Alteration of the CD34+ Tf-1 beta cell line profile in response to long-term exposure to IL-15.
Interleukin 15 (IL-15) is a cytokine with many functional characteristics that are similar to IL-2. Most of the functional activities that IL-2 and IL-15 support have been evaluated in short-term assays. It was our intention, then, to determine the long-term effects of IL-15 in comparison to IL-2. These studies were performed using the growth factor-dependent myelomonocytic cell line, Tf-1, which has been well characterized with regard to morphology, CD marker expression, responses to certain growth factors and cytokines (GM-CSF, IL-4, erythropoietin), and can differentiate through the myeloid and erythroid lineages. In order to study IL-2 and IL-15 responses, Tf-1 cells were retrovirally infected with the IL-2R beta chain gene as a means to confer IL-2 responsiveness to this cell type. The results of this study demonstrate that retroviral infection of Tf-1 successfully generated a stable IL-2 responsive cell line, Tf-1 beta, without interfering with the original characteristics of the Tf-1 cell. Tf-1 beta cells respond functionally to both IL-2 and IL-15. When Tf-1 beta cells are grown for 8 weeks in IL-2 (Tf-1 beta 2), rather than GM-CSF, the original morphology, CD marker expression, esterase activity and proliferative response is unaltered in comparison to that of the original Tf-1 beta line maintained in GM-CSF. However, long-term growth of Tf-1 beta in IL-15 (Tf-1 beta 15) results in morphological alterations, downregulation of CD33, CD38, and HLA-DR, and a decreased response to IL-15 in comparison to Tf-1 beta 2. These studies support the concept that retroviral infection, even when it confers new functions upon a cell, does not necessarily alter all other functions, as assessed by evaluation of its phenotypic profile. Furthermore, the production of the Tf-1 beta 2 and Tf-1 beta 15 sublines demonstrates that IL-2 and IL-15 can support long-term cell growth. However, this long-term growth in IL-15 leads to subtle alterations in the cell profile that are not seen with IL-2, suggesting that distinctions in IL-2 and IL-15 function do exist. Further study of the Tf-1 beta 15 cell line will be useful to clarify these functional distinctions between IL-2 and IL-15.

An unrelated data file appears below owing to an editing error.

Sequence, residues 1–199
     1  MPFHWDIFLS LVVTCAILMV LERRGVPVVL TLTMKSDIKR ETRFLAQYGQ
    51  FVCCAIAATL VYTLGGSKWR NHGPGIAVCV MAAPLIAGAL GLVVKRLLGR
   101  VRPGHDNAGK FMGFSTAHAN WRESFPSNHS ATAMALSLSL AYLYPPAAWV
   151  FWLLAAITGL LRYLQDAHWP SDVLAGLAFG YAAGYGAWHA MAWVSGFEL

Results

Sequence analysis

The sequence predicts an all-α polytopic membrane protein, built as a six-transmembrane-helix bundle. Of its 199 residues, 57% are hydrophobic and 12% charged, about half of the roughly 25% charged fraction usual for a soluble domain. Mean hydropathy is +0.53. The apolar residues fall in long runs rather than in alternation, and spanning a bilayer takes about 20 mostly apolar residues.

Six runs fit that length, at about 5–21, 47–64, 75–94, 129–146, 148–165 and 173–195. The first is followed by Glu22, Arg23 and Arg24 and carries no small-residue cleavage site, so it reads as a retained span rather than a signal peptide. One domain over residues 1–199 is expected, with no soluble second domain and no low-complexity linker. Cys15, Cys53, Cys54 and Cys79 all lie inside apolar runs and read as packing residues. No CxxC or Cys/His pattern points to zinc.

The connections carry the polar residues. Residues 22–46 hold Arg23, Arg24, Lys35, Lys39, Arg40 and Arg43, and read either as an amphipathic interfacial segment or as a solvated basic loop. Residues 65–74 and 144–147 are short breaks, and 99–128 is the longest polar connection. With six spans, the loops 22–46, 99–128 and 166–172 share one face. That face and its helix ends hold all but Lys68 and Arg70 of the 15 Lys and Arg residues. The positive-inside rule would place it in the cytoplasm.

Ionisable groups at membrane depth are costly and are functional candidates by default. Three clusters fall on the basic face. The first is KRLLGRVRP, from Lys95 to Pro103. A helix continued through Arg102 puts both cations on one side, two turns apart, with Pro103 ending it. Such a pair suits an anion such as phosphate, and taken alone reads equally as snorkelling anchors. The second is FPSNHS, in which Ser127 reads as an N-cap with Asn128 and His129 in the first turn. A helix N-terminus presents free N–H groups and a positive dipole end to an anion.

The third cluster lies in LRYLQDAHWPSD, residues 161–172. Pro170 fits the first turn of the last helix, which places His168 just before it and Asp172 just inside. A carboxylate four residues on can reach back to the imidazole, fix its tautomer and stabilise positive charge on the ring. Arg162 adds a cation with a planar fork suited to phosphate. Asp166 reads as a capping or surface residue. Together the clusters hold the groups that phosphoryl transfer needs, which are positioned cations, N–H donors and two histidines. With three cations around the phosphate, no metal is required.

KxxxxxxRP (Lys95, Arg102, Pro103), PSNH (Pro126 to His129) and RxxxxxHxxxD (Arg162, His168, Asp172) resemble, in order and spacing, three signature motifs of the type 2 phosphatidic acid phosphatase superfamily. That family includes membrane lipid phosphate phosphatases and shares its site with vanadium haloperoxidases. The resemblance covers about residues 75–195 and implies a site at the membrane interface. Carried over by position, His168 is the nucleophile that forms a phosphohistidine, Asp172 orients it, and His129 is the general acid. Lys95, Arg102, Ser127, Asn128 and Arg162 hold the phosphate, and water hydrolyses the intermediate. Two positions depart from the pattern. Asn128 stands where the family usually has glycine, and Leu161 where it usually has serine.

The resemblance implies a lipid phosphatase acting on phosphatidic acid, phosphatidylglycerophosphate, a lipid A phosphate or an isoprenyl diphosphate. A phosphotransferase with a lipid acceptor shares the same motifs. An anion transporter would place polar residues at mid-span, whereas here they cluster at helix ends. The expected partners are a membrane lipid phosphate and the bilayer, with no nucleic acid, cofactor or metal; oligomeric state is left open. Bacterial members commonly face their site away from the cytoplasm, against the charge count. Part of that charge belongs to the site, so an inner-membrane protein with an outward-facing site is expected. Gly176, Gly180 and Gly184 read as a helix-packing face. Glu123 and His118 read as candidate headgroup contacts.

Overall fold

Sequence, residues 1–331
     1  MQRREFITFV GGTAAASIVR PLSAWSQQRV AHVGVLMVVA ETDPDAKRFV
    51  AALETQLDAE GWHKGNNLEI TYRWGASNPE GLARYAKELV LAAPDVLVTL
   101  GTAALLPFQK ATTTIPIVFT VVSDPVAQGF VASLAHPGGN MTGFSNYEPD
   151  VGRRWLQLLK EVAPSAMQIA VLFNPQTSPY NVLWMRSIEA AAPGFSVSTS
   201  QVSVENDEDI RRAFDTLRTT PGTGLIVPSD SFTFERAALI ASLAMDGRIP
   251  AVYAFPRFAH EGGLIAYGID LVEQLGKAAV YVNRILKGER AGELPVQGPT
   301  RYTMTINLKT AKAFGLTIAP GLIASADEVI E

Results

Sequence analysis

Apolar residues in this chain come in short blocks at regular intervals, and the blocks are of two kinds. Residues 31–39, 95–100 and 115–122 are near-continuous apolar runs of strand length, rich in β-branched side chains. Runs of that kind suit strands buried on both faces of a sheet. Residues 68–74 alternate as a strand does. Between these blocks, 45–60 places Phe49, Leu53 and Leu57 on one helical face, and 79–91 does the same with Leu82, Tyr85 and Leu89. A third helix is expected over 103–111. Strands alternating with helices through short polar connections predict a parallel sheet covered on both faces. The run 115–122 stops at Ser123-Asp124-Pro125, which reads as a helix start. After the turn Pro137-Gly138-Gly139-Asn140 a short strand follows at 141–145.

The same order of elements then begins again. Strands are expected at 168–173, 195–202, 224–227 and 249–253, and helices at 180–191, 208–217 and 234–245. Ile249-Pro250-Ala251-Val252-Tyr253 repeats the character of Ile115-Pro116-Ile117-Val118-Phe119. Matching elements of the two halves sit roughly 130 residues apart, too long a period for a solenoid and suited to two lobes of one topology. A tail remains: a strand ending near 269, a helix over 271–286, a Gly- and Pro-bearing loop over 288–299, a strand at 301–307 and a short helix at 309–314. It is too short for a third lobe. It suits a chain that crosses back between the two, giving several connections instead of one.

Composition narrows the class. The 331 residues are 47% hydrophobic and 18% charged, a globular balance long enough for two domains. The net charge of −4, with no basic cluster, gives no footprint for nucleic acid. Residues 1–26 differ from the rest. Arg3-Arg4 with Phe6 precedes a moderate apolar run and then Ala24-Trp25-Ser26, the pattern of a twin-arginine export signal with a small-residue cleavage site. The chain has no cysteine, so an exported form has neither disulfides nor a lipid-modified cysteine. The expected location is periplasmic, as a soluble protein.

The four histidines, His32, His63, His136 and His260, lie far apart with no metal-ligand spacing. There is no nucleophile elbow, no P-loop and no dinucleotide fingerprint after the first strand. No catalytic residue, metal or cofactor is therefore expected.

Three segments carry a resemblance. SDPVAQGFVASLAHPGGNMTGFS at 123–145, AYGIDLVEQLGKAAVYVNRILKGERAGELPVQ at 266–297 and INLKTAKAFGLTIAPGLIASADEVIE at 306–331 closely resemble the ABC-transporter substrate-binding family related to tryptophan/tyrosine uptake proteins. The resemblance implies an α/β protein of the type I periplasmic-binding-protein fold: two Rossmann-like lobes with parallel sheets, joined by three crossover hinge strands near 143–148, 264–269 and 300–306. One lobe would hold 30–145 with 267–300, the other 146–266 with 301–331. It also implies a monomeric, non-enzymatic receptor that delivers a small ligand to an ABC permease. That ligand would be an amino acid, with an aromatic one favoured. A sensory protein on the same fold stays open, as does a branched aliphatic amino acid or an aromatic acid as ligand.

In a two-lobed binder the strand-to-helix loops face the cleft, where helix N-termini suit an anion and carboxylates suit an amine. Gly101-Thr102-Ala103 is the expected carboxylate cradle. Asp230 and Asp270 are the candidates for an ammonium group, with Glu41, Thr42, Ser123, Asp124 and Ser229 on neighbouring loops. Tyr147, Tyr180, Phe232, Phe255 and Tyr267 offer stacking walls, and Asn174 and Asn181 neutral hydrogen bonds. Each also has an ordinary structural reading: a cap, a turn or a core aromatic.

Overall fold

Farner, NL; Gan, J; de Jong, JL; Leary, TP; Fenske, TS; Buckley, P; Dunlap, S; Sondel, PM
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